Sagama is a little village in the Planargia region, located about 55 kilometers north from Oristano. The village, inhabited by less than 200 persons, is immersed in the picturesque vineyards and forests. However, the small town is also an important historical place, inhabited in the past by the ancient Nuragic civilization, which lived in Sardinia in the Bronze Age. Scientists believe that the Nuragic were an endemic Sardinian civilization, which did not inhabit any other part of the world. The beginning of their presence is registered at around 1800 BCE, whereas the end corresponds to the arrival of the Romans in 238 BCE. While visiting Sagama and surroundings, you will learn more about the millennial history of the island, its fascinating culture and traditions.

Sagama, the center of a nuraghe crown

Sagama is located on a hill in the valley called Badd’e Sagama, in the middle of an ancient nuraghe crown. Originally, the crown was composed of nine nuraghe, megalithic constructions erected in the Bronze Age. Nowadays, we can still admire the remains of six of them, called Funtanedda, Nuratolu, Molineddu, Muristene, Mura de Ganes and Pascialzos. Other important constructions of the nuragic times in the area are funeral monuments, like the Giants’ Tombs in Triganino, Sa Costa-Triganinu, Terra d’Onore or Fakkiganu. The territory registers also traces of the Roman era, among which burials, coins or roof tiles, and a menhir Sa Pedra Marmurada in Mura Pianu. While visiting Sagama, do not miss the churches of Santa Croce and of Virgine del Carmelo, as well as the parish church of San Gabriele Arcangelo from the 17th century.


Known for the beautiful murals decorating walls of the buildings, the zodiac fountain and asphodel baskets, Tinnura is a small village of 247 inhabitants, located in the Planargia region, an area mostly belonging to the province of Oristano. The village is in fact an ‘open-air’ museum of modern art, which will enchant you with picturesque murals  painted on the facades of the houses, admired every year by Italian and foreign tourists. The name of the village has pre-Roman origin and derives from thinnías, the plant of thorny rush which grows in the nearby rivers. The patron saint is Saint Anna, celebrated on July 26th with religious and civil rites. Another heartfelt feast takes place at the beginning of September and is dedicated to the Blessed Virgin of Remedy.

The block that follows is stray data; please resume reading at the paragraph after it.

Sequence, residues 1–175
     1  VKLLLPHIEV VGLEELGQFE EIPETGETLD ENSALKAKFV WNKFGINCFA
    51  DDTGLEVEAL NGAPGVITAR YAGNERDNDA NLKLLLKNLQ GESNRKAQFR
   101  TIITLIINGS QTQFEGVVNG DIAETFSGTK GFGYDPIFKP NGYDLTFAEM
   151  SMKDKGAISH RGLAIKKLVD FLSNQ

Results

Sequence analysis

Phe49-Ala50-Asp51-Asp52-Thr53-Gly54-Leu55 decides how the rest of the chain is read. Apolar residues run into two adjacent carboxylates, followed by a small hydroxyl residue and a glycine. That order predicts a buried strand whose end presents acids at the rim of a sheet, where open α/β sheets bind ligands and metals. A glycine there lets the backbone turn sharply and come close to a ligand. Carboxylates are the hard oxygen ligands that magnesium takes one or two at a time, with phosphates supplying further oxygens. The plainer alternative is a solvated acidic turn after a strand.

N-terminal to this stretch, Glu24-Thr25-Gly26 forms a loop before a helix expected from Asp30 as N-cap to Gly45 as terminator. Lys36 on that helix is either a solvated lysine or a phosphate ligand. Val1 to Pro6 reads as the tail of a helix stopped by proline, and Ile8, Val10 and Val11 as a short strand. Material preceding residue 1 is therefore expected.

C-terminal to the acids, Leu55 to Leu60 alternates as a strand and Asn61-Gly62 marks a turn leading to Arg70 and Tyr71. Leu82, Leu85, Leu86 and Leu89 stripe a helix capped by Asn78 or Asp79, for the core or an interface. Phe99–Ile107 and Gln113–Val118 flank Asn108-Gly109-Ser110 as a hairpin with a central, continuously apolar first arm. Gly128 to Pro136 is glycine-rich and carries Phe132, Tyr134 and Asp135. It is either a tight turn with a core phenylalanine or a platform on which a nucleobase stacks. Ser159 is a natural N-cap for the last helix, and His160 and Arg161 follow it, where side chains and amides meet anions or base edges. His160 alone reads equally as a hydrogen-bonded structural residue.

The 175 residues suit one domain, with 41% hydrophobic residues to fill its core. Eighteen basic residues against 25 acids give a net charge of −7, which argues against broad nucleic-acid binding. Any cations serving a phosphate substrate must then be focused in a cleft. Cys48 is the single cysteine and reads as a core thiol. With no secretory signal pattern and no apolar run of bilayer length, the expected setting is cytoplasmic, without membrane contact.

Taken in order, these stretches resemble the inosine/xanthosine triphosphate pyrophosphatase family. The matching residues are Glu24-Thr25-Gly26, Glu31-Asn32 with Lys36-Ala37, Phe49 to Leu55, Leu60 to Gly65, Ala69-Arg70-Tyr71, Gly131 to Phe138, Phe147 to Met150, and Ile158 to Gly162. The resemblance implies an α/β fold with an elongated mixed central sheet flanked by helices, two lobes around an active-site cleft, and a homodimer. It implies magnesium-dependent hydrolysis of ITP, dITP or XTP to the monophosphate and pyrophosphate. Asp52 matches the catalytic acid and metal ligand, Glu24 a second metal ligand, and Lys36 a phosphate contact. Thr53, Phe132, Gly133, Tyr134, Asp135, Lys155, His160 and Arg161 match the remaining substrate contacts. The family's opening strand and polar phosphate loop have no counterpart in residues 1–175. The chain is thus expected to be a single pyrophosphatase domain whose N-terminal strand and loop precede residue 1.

The murals of Tinnura

While walking around Tinnura you will discover numerous murals covering walls of the buildings. These paintings of great artistic quality represent scenes from the daily life of the community, images of denunciation, suffering and hopes. The origin of the Saridnian murals comes from the social discomfort of the 60s. As the times passed, the murals became a tool to tell the history of the small local realities of the island. The small village of Tinnura, in the province of Oristano, has to offer an extraordinary example of murals that tell the life of its inhabitants in pictures, depicted with an incredible realism. As a matter of fact, every gesture and expression is taken care of in the smallest details, the walls of the buildings come alive and become the stage of memory. The little village is worth a visit, it will leave you speechless.


The region of Planargia, located on the east-north of Sardinia, hides numerous little villages of particular beauty and fascinating history. One of them is Tresnuraghes, a village inhabited by about 1,200 people, located ten kilometers south from Bosa. This centuries-old town will help you to discover many interesting facts about Sardinian history and culture.

Tresnuraghes, the village of three nuraghes

The name of the village comes from its vicinity to three nuraghes, ancient constructions built by the Nuragic civilization which inhabited Sardinia until the second century BC. From the three original constructions, only the remains of one of them survived until our times. In the surroundings of the village there are also other important buildings from the nuragic era, like the nuraghes Tepporo, Martine and Nani, as well as an ancient grave called the tomb of giants.

Visiting Tresnuraghes

While walking around the village take your time to visit the parochial church of Saint George Martyr (chiesa di San Giorgio Martire) and other temples in the area. Do not miss also the museum called Casa Deriu, where you will discover more about life of the bourgeois Sardinian families, see authentic furniture of the previous inhabitants of the building as well as a collection of roughly 1000 volumes published between the 17th and the 20th century. In the surroundings of Tresnuraghes, around five kilometers from the village, you will find the Torre Foghe, a watchtower built on the mount Riu Mannu during the Spanish domination. In the past, the watchtower Torre Foghe, together with the watchtowers of Ischia Ruja and Columbargia made up the coastal warning system of the area.